It’s not uncommon for a senior to resist the idea of receiving care, especially from an outside source. Most seniors strongly desire to maintain their independence, and that doesn’t just mean living in their own home.
Elaine discovered this truth when she tried to hire a caregiver for her husband, who is in the early stages of Alzheimer’s disease.
“I thought it seemed perfectly logical to get a professional caregiver for Roger after he left the stove on while I was at work one day,” Elaine said, “but he got very upset when I brought the subject up. He said he was getting along just fine on his own, even though he agreed he didn’t always remember to turn off the stove or keep the front door locked.”
Even in the face of overwhelming evidence that caregiving support is needed, seniors may be resistant to the idea. But don’t think they’re just being stubborn. Many seniors have valid reasons for refusing care. You can find out the real reason they’re resistant by asking these four questions.
1. Are you concerned about the financial impact of caregiving?
Many seniors live on a tight budget, and professional caregiving services are not free. However, some seniors may overestimate the cost of caregiving, or they may underestimate their own financial position.
If a senior relative cites financial concerns as a reason for refusing care, you can:
- Take an honest financial inventory that examines monthly income and expenses, as well as cash reserves and investments
- Produce an accurate financial picture to ensure everyone is dealing with the facts
- Look for untapped resources, such as a mortgage-free home or veterans’ benefits, that could be used to fund caregiving
- Enlist a trusted financial advisor to create an unbiased budget that meets the senior’s needs
- Apply for a home care grant
2. Are you worried about losing your privacy?
Privacy takes many forms. It is not just about being concerned someone will rummage through your personal belongings. When a senior engages a professional caregiver, the senior’s habits and lifestyle suddenly become open to “public” view, which may make them feel scrutinized or judged. And if a senior requires assistance with personal care tasks like bathing, their privacy is further eroded.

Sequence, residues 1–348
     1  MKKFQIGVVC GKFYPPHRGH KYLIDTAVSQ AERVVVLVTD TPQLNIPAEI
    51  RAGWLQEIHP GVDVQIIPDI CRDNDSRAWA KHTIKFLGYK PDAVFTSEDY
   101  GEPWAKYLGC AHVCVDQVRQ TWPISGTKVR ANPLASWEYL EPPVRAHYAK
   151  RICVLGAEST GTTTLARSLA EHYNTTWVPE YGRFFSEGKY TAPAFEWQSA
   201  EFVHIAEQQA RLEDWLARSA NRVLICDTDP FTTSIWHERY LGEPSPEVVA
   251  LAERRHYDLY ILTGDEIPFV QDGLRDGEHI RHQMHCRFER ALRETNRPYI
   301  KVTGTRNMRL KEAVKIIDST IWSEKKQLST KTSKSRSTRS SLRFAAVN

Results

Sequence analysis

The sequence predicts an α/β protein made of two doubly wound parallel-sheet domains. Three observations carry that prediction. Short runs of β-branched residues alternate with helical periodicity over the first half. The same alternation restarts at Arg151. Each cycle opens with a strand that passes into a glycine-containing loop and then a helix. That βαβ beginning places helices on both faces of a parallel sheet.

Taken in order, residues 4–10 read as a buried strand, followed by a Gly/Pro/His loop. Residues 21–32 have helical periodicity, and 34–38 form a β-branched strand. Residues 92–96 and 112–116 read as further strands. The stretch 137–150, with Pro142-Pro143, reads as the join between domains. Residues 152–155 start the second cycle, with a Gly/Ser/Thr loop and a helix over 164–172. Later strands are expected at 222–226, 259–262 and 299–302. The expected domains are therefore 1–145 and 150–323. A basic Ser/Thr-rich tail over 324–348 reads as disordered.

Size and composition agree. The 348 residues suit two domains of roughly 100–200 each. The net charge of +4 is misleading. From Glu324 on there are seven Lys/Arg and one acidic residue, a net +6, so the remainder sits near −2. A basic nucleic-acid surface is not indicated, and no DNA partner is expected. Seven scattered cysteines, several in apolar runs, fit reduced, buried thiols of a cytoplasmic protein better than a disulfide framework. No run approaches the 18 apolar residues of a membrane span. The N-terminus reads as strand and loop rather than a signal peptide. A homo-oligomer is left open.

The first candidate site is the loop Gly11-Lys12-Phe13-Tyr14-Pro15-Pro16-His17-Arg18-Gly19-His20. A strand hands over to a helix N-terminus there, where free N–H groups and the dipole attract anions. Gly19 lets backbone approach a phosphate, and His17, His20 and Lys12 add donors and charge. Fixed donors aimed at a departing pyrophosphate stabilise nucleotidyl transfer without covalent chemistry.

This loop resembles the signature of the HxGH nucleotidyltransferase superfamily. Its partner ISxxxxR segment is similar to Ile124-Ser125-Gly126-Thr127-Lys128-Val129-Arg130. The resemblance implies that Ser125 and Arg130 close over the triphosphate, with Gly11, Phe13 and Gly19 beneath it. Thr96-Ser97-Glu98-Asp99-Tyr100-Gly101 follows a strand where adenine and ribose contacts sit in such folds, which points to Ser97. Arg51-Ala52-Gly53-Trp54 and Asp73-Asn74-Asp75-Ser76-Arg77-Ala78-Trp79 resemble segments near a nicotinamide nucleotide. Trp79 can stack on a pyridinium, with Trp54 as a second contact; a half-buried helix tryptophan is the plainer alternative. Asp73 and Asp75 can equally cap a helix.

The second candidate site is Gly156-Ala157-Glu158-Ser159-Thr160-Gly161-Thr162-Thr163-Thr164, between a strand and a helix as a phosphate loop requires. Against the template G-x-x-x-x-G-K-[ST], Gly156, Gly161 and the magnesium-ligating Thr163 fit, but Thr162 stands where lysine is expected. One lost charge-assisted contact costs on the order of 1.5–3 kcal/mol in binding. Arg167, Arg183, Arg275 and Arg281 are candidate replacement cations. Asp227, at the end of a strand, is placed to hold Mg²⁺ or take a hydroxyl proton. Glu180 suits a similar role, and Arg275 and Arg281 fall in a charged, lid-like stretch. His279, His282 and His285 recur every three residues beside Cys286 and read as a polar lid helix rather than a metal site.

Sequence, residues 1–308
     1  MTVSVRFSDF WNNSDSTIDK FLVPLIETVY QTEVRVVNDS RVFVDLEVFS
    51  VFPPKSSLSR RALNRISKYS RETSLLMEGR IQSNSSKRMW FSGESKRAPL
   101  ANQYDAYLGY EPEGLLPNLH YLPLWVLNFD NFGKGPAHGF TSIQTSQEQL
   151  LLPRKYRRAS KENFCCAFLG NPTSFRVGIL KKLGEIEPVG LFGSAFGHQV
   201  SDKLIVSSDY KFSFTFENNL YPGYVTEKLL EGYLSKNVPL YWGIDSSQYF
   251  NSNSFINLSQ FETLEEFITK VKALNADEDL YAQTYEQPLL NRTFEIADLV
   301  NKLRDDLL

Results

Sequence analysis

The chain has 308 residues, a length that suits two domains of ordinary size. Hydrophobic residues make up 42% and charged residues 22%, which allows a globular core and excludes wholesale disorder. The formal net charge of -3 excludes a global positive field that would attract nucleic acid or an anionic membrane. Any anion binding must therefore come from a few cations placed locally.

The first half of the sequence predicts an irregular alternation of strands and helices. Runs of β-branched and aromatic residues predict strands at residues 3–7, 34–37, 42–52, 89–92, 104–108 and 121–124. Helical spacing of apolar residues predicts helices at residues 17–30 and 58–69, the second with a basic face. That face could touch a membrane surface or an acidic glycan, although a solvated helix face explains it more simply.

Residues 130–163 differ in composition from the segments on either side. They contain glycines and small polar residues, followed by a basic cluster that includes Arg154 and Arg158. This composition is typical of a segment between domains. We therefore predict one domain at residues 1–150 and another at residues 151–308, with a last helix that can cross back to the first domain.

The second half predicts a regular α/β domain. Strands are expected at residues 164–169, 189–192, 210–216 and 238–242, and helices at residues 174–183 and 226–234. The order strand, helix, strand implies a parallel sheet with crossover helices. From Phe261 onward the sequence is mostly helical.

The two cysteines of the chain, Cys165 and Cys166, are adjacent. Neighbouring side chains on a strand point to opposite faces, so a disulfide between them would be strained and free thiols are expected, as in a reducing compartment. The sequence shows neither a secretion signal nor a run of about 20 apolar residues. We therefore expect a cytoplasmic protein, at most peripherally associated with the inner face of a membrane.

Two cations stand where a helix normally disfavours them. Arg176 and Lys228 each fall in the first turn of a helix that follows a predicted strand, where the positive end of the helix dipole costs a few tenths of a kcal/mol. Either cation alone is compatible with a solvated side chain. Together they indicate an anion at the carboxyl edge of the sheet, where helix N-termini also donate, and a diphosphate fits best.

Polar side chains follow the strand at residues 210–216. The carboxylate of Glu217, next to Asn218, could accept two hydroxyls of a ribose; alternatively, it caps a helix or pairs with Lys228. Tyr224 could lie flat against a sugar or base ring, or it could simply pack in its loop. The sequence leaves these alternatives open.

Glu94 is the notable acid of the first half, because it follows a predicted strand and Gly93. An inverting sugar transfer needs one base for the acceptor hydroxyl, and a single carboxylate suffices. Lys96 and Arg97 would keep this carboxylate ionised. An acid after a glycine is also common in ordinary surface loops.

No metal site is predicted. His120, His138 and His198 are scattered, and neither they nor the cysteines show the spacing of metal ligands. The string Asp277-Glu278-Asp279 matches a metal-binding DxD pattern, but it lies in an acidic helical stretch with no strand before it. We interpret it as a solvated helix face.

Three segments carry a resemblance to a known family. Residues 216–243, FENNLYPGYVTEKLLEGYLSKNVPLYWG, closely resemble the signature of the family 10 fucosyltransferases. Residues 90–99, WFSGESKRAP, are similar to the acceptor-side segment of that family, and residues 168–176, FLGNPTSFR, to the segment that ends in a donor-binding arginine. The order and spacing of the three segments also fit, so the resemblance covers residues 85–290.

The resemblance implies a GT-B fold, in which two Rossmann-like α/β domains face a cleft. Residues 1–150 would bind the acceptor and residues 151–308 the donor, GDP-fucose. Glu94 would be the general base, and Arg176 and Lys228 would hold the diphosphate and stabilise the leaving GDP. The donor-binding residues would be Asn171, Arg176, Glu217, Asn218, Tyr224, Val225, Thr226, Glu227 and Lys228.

If a senior loved one is refusing care due to privacy concerns, you can:
- Pledge to start slowly, by hiring a caregiver for just a couple of hours a week, on a trial basis. This allows time for the senior and caregiver to develop a trusting relationship that reduces feelings of invasion of privacy.
- Ask if the senior would rather have a family member provide bathing or toileting assistance. The senior may not want to burden a family member and may prefer a professionally trained caregiver help them with these tasks.
- If the senior is concerned about theft or other unscrupulous behavior by a professional caregiver, research professional caregivers that are background-checked and bonded, such as those from Home Instead Senior Care .
3. Under what circumstances can you see yourself getting caregiving help?
Many seniors refuse professional care out of a sense of pride. They have always taken care of themselves, and they imagine they always will. Of course, that is a rather rose-colored view of the future.
By phrasing the question of caregiving as an expected future development instead of a “now or never” proposition, you give the senior a sense of control over his own life and allow him to set some criteria under which he will consider professional caregiving.
If the senior refuses to engage in speculation, try to gently lead the conversation yourself by exploring various situations to narrow down the criteria that would warrant getting a caregiver. For example, you could ask:
- I know you like to plan ahead for unexpected events, so how would you like to handle your home care if something happens to you medically, like a debilitating stroke?
- How should we proceed if, say, you start forgetting to pay the utility bills?
- If you reach a point where you can’t keep up with the housework or laundry anymore, what would you like to do?
Be compassionate, not confrontational, when asking these questions. Remember, the point of this exercise is to obtain information, not to badger your loved one.
4. What advice would you give a friend in these circumstances?
Sometimes, due to dementia or simple human frailty, a senior just doesn’t recognize that he or she needs caregiving help. But it’s often easy for them to see when others need help. You can leverage this situation by creating a scenario in which they think they’re advising a friend instead of looking at their own circumstances.
Simply use the tried-and-true “asking for a friend” angle. Construct a fictitious “friend” who needs help, based upon details from the senior’s actual life. Present the scenario to the senior loved one to get his “take” on what the friend should do. If the senior advocates for caregiving, you can later revisit the conversation and gently suggest that your loved one should take his own advice.
And if the senior does not end up seeing professional caregiving as a solution to the scenario you presented, then you’ve gained valuable insight into why the senior is not ready to receive care yet.
Navigating the complexities of interpersonal relationships (and, sometimes, family politics) can lead to power struggles over deciding whether or not a senior relative needs caregiving. However, by asking a few key questions you may be able to identify why a senior is refusing care and then gently persuade him or her to reconsider.